YouTube’s Music Videos: Popular, Money-Losing. For Now.
[UPDATE: Negotiations between YouTube and music labels are already getting unpleasant: Warner Music's clips are disappearing from the site, and both sides are taking credit for the move.]
Universal Music Group officials told CNET this week that they’re going to make close to $100 million from Internet videos this year–an 80 percent increase–and that most of that will come from Google’s (GOOG) YouTube.
I believe that may be possible–in part because people close to Universal Music Group told me the same thing earlier this year. But I think that those YouTube dollars may not continue to increase at the same rate, whether it’s for Universal or any music label.
That’s because YouTube’s current arrangement with the labels is a money-losing one, people familiar with the company tell me. And that’s unlikely to continue as the company renegotiates its deals with the four major labels–UMG, EMI, Sony (SNE) and Warner Music Group (WMG)–which expire throughout next year.
Here’s how the current deals work: Whenever someone clicks on an official video that’s been sanctioned by the labels, YouTube has to pay the labels either a per-stream fee or a share of ad revenue associated with the clip, whichever is greater. Since YouTube is just beginning to get serious about selling ads next to its content, it’s usually paying the per-stream fee, which industry executives peg at about half a penny per clip.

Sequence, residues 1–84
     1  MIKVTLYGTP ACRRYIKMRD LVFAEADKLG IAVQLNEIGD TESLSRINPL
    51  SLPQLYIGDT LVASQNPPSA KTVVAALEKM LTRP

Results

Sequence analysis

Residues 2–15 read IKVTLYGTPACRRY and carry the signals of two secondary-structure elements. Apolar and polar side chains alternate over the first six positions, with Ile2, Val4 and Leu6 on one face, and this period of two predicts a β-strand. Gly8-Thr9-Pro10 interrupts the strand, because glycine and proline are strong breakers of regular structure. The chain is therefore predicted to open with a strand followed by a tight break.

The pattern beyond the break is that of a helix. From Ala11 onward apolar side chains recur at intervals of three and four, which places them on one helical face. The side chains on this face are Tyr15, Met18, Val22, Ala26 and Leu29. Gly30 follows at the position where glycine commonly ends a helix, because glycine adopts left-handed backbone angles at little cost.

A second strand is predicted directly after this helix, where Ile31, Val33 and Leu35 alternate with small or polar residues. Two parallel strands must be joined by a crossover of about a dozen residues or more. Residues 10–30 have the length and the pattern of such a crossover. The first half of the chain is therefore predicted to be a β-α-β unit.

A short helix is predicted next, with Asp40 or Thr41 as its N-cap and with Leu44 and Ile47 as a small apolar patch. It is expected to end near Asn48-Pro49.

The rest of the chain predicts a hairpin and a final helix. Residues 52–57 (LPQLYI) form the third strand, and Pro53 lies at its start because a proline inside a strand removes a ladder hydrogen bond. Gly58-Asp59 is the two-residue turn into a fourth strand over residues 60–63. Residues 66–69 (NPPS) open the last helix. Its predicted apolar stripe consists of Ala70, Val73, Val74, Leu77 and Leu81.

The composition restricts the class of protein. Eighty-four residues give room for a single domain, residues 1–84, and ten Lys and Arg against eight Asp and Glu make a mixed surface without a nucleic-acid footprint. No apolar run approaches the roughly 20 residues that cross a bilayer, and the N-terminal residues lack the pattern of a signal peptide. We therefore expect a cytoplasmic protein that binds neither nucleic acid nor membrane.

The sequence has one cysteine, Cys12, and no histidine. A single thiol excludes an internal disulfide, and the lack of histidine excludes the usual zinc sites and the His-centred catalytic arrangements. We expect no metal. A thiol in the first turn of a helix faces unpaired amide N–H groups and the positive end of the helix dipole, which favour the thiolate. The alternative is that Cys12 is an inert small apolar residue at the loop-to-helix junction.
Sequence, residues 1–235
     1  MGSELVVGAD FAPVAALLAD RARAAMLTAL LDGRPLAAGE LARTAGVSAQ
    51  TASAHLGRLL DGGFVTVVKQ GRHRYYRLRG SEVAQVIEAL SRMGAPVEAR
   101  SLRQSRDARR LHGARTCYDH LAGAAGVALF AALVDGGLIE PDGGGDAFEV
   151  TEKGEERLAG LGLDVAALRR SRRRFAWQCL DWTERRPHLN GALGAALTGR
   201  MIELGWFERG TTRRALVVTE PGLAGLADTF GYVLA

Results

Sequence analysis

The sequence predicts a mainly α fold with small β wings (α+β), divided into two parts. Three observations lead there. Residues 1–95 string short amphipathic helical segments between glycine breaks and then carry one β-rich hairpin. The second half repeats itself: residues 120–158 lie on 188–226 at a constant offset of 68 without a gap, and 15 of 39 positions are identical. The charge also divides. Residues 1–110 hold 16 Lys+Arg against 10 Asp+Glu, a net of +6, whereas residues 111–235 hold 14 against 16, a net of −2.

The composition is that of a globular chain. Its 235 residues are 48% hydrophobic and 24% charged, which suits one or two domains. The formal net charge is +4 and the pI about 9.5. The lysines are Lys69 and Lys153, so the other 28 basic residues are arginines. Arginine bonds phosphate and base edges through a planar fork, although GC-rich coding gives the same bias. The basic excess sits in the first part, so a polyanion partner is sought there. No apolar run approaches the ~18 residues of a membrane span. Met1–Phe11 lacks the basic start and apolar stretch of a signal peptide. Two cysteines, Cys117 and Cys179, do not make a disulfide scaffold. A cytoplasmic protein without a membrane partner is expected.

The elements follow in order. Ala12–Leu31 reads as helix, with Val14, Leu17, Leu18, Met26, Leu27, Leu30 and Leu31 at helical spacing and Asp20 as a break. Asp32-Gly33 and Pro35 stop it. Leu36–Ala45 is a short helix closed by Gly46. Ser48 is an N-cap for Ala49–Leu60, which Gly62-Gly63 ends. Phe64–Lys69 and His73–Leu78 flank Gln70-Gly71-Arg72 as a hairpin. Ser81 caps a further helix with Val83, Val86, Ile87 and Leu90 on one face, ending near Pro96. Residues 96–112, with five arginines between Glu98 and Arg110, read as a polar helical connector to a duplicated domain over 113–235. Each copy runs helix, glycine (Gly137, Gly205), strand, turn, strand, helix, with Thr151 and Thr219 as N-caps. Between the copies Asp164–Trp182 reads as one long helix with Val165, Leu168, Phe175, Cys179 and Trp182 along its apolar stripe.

That kind of deal might have been OK during Google’s go-go days, but it’s unlikely to fly now. And as Google execs start sitting down with the labels, it’s reasonable to think they’ve got much more leverage. While music videos are some of the site’s most popular programming–look at how many label-sponsored clips like Avril Lavigne’s “Girlfriend” are among the site’s most popular offerings of all time–Google doesn’t need their blessing in the way that YouTube did when it was still transitioning from rogue copyright violator to upstanding citizen.
Meanwhile the labels are under great pressure to dig up dollars wherever they can find them because their core CD business evaporates day by day. Universal Music recorded some $4.4 billion in revenue during the first nine months of this year, so $100 million in high-margin video revenue would be a meaningful contribution to the bottom line. But it may be harder to get in 2009 than it was this year.
I can’t show you most of YouTube’s most popular clips here–the site disables embeds for those. But here’s a less-viewed one I do like.